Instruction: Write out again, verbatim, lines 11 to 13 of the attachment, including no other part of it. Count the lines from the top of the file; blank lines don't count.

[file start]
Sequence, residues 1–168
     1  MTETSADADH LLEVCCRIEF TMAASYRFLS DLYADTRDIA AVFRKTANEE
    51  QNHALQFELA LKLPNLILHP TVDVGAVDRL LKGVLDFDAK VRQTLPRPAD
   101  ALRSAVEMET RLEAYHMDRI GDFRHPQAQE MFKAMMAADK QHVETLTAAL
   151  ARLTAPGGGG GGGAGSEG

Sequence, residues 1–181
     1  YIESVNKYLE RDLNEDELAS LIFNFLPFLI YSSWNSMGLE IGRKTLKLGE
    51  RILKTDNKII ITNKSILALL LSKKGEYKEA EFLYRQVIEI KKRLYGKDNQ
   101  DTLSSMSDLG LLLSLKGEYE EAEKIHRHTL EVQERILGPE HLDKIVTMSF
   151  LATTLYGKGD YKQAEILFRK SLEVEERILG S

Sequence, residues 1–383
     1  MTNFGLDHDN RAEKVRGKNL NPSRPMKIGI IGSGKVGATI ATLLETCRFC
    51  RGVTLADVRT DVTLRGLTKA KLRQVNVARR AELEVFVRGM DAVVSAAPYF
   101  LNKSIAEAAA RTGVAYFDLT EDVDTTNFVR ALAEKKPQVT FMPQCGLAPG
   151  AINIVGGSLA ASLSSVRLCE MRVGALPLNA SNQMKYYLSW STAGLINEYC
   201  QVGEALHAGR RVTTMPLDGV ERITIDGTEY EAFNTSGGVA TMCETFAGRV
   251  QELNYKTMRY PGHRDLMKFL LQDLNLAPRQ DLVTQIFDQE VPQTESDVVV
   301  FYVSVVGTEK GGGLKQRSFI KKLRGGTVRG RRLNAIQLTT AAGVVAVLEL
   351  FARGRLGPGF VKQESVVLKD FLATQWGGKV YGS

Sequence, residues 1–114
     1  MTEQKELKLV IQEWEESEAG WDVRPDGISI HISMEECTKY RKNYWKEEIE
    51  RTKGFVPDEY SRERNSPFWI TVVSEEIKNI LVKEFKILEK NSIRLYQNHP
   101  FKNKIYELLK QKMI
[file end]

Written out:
Sequence, residues 1–383
     1  MTNFGLDHDN RAEKVRGKNL NPSRPMKIGI IGSGKVGATI ATLLETCRFC
    51  RGVTLADVRT DVTLRGLTKA KLRQVNVARR AELEVFVRGM DAVVSAAPYF